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This website deals with human rights violation by police and police criminality in general, and with police stalking in particular. The emphasis is on Northern Europe, with special attention to the situation in Norway and the Netherlands. Despite having some of the best democratic credentials in the world, Northern Europe has in recent decades seen a growth of untraditional police methods that violate some of the most basic principles of modern Western judicial philosophy as it has developed since the Enlightenment. Foremost among these are various practices that can be commonly referred to as police stalking.

This new focus involves a shift of geographical frame of reference after historiae.org covered the Middle East and Iraq in particular since 2005. However, some of the main themes remain the same: Constitutionalism, the rule of law, and how extra-judicial punishment constitutes a threat to the very idea of modern democracy. It was easy to dismiss the de-Baathification affair prior to the Iraqi elections back in 2010 as a concoction by Iraqi politicians, entirely lacking a legal basis. Compared to what most people think is the exemplary rule of law ideal of the Western world, Iraq certainly came across as primitive. However, after having witnessed a shocking and grotesque case of extra-judicial punishment operation carried out by the Norwegian police against an academic scholar – and having seen that operation also expanded to involve harassment and outright persecution in several other European and North American countries for now more than 500 days running – I can no longer dole out criticism of the rule of law situation in Iraq with a straight face without also making some comments on the situation in Northern Europe. It does not make sense to me anymore to chat about human rights issues in Iraq with representatives of Western governments that are themselves involved in both harassment and outright torture.

The fact is that many of the same rule of law problems that characterised the de-Baathification campaign in Iraq in 2010 can be seen in certain contemporary, untraditional policing methods in Northern Europe – and in police stalking in particular. This is an approach that involves gross violations of basic principles of modern judicial philosophy such as the presumption of innocence, the right to appear before a court, and the freedom for punishment for something that is not defined as illegal by law. These are principles that were all central to modern judicial thought as it emerged with the Enlightenment in eighteenth century Europe.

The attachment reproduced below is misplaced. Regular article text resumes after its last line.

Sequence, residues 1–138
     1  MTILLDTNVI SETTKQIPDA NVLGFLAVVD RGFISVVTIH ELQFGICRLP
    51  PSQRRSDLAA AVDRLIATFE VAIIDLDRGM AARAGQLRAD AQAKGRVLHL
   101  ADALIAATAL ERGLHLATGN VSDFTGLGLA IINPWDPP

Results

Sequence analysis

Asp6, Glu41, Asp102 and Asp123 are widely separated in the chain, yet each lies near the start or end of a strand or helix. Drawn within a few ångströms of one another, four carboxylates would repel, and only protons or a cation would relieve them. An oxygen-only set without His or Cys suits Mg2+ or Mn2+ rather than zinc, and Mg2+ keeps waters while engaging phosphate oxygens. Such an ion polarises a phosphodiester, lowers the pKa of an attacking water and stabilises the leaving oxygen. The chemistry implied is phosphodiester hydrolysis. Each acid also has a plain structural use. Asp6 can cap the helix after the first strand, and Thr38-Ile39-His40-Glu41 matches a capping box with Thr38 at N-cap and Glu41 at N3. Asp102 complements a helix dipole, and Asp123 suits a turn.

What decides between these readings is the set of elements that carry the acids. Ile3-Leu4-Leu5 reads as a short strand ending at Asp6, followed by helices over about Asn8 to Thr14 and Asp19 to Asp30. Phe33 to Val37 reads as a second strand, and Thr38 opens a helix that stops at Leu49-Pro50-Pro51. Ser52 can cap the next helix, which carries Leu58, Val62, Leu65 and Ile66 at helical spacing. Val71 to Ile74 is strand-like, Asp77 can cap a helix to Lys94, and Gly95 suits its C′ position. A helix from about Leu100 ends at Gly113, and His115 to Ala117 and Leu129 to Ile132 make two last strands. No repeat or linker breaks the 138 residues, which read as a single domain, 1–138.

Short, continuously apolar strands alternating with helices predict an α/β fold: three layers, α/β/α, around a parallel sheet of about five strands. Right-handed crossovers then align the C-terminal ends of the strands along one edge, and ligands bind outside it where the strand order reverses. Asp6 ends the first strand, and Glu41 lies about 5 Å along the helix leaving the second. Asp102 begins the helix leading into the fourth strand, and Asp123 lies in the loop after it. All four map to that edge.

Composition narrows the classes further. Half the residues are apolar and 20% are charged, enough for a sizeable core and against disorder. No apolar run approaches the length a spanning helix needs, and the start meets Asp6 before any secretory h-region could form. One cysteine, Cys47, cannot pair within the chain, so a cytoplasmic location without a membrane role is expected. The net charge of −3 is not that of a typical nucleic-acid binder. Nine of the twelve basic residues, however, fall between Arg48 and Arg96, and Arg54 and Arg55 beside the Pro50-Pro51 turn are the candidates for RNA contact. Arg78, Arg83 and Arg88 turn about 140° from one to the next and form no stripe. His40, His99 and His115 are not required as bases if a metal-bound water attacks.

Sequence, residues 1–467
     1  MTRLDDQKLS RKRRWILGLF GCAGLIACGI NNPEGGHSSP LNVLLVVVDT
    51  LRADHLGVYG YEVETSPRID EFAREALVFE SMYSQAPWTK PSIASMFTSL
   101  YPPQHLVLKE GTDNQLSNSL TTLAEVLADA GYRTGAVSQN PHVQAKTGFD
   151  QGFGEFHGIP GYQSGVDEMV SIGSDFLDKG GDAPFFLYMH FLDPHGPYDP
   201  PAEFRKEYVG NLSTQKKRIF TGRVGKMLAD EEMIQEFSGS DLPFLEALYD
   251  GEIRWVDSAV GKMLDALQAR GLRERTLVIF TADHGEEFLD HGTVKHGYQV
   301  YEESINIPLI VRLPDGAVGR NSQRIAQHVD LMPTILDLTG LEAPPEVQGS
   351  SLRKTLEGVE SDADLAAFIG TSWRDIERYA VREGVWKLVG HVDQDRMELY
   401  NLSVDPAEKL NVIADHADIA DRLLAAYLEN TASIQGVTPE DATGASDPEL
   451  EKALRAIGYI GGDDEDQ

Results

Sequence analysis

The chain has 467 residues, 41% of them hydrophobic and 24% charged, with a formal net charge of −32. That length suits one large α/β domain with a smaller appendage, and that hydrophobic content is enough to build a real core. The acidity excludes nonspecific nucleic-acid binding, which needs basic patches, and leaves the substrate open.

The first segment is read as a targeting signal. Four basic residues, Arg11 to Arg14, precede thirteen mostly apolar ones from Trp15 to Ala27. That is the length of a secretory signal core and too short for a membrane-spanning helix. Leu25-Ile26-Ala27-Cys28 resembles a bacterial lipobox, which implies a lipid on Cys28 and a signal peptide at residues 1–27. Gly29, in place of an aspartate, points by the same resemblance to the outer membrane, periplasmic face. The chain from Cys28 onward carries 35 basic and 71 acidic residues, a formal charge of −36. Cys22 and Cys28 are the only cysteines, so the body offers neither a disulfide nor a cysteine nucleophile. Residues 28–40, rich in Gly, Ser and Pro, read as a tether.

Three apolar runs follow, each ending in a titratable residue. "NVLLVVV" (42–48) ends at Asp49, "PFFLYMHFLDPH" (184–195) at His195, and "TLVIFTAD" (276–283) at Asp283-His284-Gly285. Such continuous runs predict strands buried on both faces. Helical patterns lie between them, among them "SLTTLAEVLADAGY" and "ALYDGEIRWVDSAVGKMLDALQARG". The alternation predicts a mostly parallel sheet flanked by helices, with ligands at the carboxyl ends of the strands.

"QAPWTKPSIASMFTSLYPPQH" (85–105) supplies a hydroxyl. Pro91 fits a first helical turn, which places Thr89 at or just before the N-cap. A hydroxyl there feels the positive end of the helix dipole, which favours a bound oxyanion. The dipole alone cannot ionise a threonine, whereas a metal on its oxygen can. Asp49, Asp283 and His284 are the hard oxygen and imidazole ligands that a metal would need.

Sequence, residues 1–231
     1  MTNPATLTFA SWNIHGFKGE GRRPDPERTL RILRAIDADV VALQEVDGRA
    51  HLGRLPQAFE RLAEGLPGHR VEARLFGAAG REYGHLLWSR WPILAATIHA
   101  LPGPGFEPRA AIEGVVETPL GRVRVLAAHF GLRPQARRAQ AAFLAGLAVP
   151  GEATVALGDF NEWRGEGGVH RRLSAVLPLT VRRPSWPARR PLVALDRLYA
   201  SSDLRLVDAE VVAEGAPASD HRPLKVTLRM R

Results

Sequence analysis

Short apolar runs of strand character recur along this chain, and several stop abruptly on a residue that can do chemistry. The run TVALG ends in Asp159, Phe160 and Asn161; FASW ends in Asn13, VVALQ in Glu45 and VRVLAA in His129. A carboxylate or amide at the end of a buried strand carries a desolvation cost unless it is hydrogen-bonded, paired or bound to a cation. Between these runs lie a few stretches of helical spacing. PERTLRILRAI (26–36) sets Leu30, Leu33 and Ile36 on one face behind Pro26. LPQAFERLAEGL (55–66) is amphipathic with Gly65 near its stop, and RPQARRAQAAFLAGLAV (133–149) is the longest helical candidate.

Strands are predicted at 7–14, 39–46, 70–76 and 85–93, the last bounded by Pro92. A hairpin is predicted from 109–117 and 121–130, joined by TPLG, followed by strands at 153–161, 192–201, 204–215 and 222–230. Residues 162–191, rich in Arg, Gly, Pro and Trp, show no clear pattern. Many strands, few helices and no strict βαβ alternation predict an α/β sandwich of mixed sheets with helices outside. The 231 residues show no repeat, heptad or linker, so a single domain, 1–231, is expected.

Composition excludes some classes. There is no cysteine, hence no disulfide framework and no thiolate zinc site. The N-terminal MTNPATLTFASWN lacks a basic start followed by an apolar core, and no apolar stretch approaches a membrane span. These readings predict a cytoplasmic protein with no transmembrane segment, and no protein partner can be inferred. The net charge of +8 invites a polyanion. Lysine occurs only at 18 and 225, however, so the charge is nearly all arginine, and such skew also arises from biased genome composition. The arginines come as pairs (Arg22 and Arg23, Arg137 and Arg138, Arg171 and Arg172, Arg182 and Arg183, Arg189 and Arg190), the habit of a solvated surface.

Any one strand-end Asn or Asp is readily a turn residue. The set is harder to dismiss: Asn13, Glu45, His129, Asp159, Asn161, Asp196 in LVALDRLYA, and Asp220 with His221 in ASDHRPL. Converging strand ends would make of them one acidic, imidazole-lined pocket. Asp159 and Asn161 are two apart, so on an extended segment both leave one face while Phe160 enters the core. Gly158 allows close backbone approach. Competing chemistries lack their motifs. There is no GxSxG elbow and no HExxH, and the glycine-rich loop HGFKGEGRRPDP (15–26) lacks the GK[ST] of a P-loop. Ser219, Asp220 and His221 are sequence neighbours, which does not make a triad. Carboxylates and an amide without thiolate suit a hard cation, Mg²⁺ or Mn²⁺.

The writings on this subject will discuss different patterns of police stalking in different countries, theoretical problems relating to police stalking as a policing method in a modern democracy, and the way in which a society that acquiesces in authoritarian policing will gradually lose its democratic identity.

Available articles:

An Introduction to Police Stalking

Police Stalking in the Netherlands: Persoonsgericht Verstoren and other Disturbance Methods

Police Stalking in Norway: “Step by Step Pursuit”

When Police Stalking Goes Awry: An Example of a Multi-National Harassment Operation

This site is maintained by Reidar Visser who has a background in history and comparative politics (University of Bergen) and a doctorate in Middle Eastern studies (University of Oxford). He has been a research fellow at the Norwegian Institute of International Affairs since 1996. He can be contacted via e-mail. CV here.



Public lectures, past and upcoming

Washington, DC, Middle East Institute, 7 December 2010

San Diego, CA, MESA 2010, 21 November 2010

Rome, Italian Senate/NATO parliamentary assembly, 27 June 2010

London, Royal Holloway College, 31 March 2010

London, British Academy, 17–19 March 2010

Washington, DC, Stimson Center/Russell Senate Office Building, 12 March 2010

Kuwait City, Eurogolfe Forum, 8 March 2010

Washington, DC, The Jamestown Foundation, 4 March 2010

Washington, DC, NDU, 8 December 2009

Boston, MA, MESA 2009, 21–24 November 2009

Bloomington, IN, Indiana University, 13 November 2009

Brussels, Palace of the Academies, 30 September–2 October 2009

London, British Academy, 2 June 2009

College Park, MD, University of Maryland, 2 May 2009

Paris, CERI, 27–29 April 2009

Kuwait City, Kuwait Foundation for the Advancement of Sciences, 25 March 2009

Washington, DC, USIP, 3 March 2009

London, CISS, 19 February 2009

New York, ISA 2009, 16 February 2009

London, Chatham House, 10 February 2009

Annapolis, MD, US Naval Academy, 28 January 2009

Washington, DC, MESA 2008, 22–25 November 2008

Geneva, IHEID, 6 November 2008

Washington, DC, Georgetown University, 28 October 2008

Princeton, NJ: Princeton University, 23 May 2008

Glasgow: University of Glasgow, 24–26 April 2008

Washington, DC: USIP, 29 January 2008
Copenhagen: Danish Institute for International Studies, 25 January 2008
Washington, DC: George Washington University, 15 January 2008
Ann Arbor, Mi.: University of Michigan, 13 January 2008
Chicago, Ill.: University of Chicago, 11 January 2008
Washington, DC: The Jamestown Foundation, 5 December 2007
Montreal: MESA, 17 November 2007
Istanbul: TAARII & Hollings Center, 28 October 2007
Bristol: University of Bristol, 13 July 2007
Vienna: Kreisky Forum, 18 June 2007
Como, Italy: Landau Network, 24 November 2006
Washington, DC: USIP, 17 October 2006
Exeter: University of Exeter, 5 July 2006